Wednesday, October 18, 2006

Learn to Trust Your Mother's Intuition

The more people have studied the different methods of bringing up children, the more they have come to the conclusion that what good mothers and fathers instinctively feel like doing for their babies is the best after all.--Dr. Benjamin Spock, 1946


First-time mommies usually have a thousand questions about what is right when caring for their infants. When do they start solid foods? How long should they be sleeping? When will they start crawling? New mothers may read every book and magazine they can find that tells them the "right" time for reaching each milestone. Even experienced mommies might seek the latest advice about raising their new children.

Other mommies are more than eager to give advice, too. "I started my baby on solid foods at 3 months." Or "You have to use diaper cream on their delicate little bottoms," they'll say. Even worse, some moms play the competition game. "My Sarah was walking at 9 months," one says, as she glares at your little one still sitting on the floor at 11 months. "My Justin was speaking in complete sentences when he was 1 year old," another proclaims, while your little one is still babbling "da-da" and "boo-boo." It's enough to make any mother feel insecure.

But you've been given a wonderful gift called mother's instinct — the ability to know what's best for your child — if you know when to heed the call. When my oldest son was a baby, the pediatrician told me that the latest research said that under no circumstances were babies supposed to start cereal until they were 6 months old. My son was born at a hefty 9 lb., 13 oz., and was already the size of most 6-month-olds at 3 months. He wasn't sleeping, and he was begging for food between feedings. Although I trusted my doctor and knew he had my child's best interests at heart, I realized that nobody knew my son better than I did.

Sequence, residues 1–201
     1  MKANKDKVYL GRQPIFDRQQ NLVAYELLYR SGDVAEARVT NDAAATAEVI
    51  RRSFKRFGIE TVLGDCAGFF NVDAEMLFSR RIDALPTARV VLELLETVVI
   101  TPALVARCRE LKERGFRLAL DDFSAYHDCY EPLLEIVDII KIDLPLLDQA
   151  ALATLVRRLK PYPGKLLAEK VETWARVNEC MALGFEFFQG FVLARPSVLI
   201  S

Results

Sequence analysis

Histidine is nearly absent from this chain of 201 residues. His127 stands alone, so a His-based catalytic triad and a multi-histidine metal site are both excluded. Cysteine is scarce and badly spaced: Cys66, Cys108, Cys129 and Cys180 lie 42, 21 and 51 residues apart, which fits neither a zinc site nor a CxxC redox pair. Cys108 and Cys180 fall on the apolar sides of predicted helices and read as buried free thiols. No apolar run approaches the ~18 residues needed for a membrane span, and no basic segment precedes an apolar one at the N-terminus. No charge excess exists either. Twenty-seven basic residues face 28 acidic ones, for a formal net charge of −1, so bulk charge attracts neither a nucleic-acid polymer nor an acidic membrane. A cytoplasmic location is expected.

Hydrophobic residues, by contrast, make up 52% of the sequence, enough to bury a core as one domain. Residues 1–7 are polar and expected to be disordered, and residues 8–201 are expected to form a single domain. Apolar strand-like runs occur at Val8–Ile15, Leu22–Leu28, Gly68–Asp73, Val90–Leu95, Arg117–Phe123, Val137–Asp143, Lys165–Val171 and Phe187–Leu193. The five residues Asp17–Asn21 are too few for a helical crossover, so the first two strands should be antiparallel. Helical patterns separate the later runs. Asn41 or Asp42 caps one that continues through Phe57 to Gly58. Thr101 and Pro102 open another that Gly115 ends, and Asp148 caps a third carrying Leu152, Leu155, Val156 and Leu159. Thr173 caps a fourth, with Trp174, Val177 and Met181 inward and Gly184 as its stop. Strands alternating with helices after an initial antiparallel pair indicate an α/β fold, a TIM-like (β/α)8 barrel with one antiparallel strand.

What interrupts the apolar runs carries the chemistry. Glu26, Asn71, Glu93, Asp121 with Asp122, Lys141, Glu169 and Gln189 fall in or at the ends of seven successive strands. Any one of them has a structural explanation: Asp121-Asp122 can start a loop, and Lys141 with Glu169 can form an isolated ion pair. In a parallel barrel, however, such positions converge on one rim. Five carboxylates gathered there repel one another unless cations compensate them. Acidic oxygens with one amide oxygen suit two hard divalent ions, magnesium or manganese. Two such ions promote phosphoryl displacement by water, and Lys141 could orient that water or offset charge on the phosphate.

Finally, I put my guilty feelings aside and started gradually giving him some rice cereal. The change was miraculous. My son was much happier because I listened to my instincts and gave him what he needed. I've learned to have faith in my own abilities as a mother and not let others make me feel unworthy or incapable. Yes, I still listen to advice from others — including my doctor and friends — but then I apply it to my particular child and listen to my heart. A mother's instinct is a powerful tool.

Originally appeared on the ClubMom Web site.

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